Asheville City Council preview: Sept. 8 meeting

At its Sept. 8 meeting, Asheville City Council will discuss options for offering contracts to local companies with regards to upcoming stimulus-package projects. The contract-bidding process is governed by state and federal law, but a city staff report suggests that there are resources to assist local companies in making the cut.

Also, two weeks after deciding to create four new early voting locations for the upcoming general election in November, Council will vote on the necessary $60,000 budget amendment to pay for the venues.

In other unfinished business, the Reid Center renovation, which took a financial hit with the recent loss of grant funding, is back on the table. Council will hear a presentation on the status of the project and consider whether to go back to the drawing board on the redesign.

And new language governing Council-appointed boards and commissions will be discussed, including a required oath of office for some board members and a provision that meetings meet open-meeting and notification rules. But it is unclear if the new regulations will apply to the URTV Board of Directors, to which Council is once again considering nominees. Council appoints two members to that board, a process that has been delayed since July.

Council will meet Tuesday, Sept. 8, at 5 p.m. on the second floor of City Hall. Click here for the complete agenda.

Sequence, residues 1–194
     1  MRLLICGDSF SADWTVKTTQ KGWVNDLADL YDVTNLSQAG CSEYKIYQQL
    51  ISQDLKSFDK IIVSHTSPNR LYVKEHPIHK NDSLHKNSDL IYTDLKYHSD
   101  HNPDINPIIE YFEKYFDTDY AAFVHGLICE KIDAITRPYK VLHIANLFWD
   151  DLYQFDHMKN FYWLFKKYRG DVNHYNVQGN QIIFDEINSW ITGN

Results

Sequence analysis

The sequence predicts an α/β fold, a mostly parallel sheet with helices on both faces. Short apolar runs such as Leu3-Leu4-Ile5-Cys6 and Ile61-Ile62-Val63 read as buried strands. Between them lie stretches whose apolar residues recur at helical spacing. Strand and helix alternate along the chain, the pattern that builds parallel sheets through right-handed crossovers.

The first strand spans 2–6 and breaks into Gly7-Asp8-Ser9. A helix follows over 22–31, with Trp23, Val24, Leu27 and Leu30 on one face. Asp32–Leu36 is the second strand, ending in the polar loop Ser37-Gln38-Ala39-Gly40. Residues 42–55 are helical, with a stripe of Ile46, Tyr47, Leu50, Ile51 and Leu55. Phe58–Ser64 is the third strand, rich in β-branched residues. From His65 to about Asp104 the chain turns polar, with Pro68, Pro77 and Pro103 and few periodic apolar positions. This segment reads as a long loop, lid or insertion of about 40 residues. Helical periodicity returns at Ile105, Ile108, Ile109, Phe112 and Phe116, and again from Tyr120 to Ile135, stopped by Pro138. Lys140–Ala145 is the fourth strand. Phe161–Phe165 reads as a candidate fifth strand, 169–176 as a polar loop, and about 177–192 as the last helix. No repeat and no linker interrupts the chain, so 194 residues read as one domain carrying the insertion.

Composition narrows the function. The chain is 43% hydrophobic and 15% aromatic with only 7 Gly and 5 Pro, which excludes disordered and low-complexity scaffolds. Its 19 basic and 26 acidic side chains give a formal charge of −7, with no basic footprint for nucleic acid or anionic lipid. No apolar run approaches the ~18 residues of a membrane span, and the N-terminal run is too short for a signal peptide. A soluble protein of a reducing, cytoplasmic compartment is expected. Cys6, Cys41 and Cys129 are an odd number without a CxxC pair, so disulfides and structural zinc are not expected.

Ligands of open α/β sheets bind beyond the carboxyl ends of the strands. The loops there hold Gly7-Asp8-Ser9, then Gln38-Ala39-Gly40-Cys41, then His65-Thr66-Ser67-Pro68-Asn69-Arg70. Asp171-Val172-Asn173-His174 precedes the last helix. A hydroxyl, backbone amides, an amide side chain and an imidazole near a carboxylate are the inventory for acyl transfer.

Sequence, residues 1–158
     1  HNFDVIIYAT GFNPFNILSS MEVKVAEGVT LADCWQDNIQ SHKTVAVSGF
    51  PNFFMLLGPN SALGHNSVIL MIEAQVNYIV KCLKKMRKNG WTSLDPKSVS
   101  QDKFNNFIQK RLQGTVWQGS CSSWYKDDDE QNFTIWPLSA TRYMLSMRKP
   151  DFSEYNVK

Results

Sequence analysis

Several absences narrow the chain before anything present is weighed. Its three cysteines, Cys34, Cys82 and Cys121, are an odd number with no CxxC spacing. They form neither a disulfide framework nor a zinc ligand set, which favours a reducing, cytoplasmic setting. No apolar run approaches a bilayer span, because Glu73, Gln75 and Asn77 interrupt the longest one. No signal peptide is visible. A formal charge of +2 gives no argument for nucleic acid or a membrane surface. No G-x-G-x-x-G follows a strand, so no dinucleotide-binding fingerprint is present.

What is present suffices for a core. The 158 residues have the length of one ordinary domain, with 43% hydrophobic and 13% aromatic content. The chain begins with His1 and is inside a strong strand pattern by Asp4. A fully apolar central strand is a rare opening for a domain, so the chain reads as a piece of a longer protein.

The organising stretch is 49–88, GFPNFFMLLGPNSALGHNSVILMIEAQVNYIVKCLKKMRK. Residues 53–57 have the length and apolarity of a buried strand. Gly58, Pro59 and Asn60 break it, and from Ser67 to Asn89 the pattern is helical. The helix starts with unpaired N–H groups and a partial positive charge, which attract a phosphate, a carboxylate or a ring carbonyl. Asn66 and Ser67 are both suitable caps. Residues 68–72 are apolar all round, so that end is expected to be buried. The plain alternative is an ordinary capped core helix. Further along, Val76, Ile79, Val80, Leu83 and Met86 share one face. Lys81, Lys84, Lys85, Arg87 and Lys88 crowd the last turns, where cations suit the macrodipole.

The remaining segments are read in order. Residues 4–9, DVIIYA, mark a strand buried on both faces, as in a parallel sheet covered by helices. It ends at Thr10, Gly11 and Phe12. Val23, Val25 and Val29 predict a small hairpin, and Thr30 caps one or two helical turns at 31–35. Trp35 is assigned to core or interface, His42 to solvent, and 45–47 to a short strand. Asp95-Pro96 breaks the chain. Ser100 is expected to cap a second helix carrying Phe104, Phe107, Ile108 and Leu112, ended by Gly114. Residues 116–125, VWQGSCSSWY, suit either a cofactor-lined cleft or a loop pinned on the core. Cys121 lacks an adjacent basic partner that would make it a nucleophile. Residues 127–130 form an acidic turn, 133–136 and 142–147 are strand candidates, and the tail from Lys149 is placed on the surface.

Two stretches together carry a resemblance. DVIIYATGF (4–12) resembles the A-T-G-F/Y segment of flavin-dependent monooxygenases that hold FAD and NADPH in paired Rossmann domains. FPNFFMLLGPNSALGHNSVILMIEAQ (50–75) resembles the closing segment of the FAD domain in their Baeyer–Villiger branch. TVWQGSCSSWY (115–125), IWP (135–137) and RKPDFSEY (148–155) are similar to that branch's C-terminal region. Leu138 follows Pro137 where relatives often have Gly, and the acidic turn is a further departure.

— Brian Postelle, staff writer


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7 thoughts on “Asheville City Council preview: Sept. 8 meeting

  1. But it is unclear if the new regulations will apply to the URTV Board of Directors, to which Council is once again considering nominees.

    If it is not applicable to URTV, then what have the numerous amendments to the original management agreement been about and /or for? When this first came up in the fall of ’06, Bob Oast said “it’s public access, for cryin’
    out loud”
    Reprint of his complete letter is below.

    There have been numerous amendments, and the current at will management and certain hand picked board members @ URTV are STILL fighting this. Ya gotta wonder why?????
    From: Bob Oast
    To: Robin Cape
    Sent: Monday, October 23, 2006 12:08 PM
    Subject: URTV

    Dear Robin:

    I have looked through our agreement with URTV, and in URTV’s articles of
    incorporation. I find nothing in there that requires that their meetings
    be open to the public, or otherwise conducted in accordance with the
    Open Meetings law. They are not a “public body” that is explicitly
    subject to the law. That does not mean that the law does not apply to
    them, however.

    It is my understanding that URTV operates substantially with public
    money (cable subscriber paid PEG funds allocated by the City and
    County). Its function is the management of a URTV facility for the
    public access station. The equipment and space it uses is paid for with
    public (PEG) money as well. A North Carolina Court of Appeals case, News